For his blend of defensive diligence, technical quality and attacking dynamism Saka ticks the most boxes: there is a sense he must impose himself more consistently, though, and it is worth noting three of his four international goals have come against Andorra and San Marino.
Perhaps it is Bowen and Grealish who, set alongside each other, lay Southgate’s conundrum barest. After Bowen performed respectably on his debut in Hungary, Southgate pointed out he had taken more shots than anyone else in the team. Assessing Grealish’s much-anticipated start against Italy, he praised his ball-carrying qualities but observed they had only brought one goal attempt. Bowen has rough edges but is direct, sharp and, even if chances go astray, willing to come back for more. Could a path be opening up all the way into the starting lineup at Khalifa International Stadium?
“I have had chances and been in positions where I am getting chances,” he said of his nascent international career. “It’s just about converting those chances and being really ruthless.” If he goes one better against the Hungarians on Tuesday, his claim may become impossible to ignore.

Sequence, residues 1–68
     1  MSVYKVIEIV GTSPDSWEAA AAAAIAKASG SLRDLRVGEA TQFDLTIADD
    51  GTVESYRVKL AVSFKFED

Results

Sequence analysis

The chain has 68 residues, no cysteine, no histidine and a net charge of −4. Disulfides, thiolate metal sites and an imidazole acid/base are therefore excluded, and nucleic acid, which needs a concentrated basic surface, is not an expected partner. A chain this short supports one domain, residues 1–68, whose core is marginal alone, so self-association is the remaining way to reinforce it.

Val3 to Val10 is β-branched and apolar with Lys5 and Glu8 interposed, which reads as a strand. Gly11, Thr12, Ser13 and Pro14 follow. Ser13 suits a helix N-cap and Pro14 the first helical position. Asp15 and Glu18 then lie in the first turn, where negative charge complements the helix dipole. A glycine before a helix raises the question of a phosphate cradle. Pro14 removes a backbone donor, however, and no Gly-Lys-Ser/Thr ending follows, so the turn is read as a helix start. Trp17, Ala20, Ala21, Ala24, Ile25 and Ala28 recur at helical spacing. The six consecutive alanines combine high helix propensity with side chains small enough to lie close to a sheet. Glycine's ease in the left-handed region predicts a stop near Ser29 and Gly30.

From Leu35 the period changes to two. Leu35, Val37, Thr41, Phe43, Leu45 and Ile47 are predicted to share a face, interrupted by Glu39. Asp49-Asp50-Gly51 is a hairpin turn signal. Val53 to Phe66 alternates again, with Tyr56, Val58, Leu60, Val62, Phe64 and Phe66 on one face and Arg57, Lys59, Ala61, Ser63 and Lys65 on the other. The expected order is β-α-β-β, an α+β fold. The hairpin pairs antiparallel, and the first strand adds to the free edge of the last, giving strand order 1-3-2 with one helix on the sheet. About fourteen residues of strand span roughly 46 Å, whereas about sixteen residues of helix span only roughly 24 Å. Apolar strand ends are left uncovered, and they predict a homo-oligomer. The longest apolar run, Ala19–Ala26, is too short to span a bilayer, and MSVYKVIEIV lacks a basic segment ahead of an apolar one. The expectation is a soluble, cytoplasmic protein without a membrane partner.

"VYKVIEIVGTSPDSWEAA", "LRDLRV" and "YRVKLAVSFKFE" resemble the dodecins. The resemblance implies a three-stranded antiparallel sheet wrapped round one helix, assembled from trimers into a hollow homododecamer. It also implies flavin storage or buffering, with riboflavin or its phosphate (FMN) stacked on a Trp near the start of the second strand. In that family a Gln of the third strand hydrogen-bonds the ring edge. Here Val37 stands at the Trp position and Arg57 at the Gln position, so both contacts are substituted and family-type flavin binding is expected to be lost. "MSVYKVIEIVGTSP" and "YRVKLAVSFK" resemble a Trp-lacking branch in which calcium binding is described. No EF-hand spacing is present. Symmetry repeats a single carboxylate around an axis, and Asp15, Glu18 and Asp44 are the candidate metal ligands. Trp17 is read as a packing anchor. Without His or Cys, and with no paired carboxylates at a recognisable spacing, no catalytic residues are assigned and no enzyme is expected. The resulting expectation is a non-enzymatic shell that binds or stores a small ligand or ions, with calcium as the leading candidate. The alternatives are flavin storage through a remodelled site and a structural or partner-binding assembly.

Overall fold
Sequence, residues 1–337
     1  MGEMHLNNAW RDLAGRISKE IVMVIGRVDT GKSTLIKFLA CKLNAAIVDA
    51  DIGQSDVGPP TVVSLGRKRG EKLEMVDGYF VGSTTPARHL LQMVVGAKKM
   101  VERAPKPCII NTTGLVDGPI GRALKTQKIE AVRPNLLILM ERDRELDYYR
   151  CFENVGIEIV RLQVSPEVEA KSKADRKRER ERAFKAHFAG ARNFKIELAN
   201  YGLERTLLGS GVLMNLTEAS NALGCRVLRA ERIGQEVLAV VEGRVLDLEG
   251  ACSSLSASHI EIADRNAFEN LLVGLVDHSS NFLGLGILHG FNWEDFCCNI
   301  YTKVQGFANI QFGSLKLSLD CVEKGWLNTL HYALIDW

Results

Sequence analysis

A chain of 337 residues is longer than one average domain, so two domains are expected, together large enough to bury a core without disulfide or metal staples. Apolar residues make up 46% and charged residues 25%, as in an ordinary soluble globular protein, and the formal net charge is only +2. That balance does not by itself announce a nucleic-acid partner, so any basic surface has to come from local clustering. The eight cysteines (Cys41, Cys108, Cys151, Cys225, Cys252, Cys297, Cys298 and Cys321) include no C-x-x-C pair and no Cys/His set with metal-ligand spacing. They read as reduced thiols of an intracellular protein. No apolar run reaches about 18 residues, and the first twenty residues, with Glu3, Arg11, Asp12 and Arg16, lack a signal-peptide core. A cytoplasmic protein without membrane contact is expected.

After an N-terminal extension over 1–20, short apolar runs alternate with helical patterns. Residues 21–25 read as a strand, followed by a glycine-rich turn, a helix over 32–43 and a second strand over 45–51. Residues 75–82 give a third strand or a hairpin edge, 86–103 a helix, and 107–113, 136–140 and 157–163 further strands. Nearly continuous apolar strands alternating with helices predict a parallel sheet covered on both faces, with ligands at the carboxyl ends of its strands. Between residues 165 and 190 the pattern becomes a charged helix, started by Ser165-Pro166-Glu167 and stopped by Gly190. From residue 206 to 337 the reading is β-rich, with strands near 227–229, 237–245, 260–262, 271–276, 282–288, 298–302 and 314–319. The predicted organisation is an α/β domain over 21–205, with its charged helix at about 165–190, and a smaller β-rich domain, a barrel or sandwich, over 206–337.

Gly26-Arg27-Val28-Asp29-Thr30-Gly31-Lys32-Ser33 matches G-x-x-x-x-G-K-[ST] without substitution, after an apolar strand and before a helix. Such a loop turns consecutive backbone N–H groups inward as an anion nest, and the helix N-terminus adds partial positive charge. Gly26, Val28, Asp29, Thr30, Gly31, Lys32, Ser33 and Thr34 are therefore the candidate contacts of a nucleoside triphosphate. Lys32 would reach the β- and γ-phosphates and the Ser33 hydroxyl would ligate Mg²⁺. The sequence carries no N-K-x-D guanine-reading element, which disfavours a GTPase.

Bowen and Grealish spoke last week of the freedom Southgate affords them. Grealish could be seen drifting in front of his back four to take possession during Saturday’s second half. That is yet to translate into fluidity and there are underlying factors beyond the wide men’s varying merits: England would be so much slicker, for example, if their attackers could combine with at least one midfielder capable of taking possession on the half-turn and recycling it as quickly as their continental peers. But that situation will not change before November so the forwards must find a way to step up.
“We’ve got to start to spread that load,” Southgate said of their goalscoring burden. That glut of wing talent must quickly become conspicuous by its end product, rather than its holes.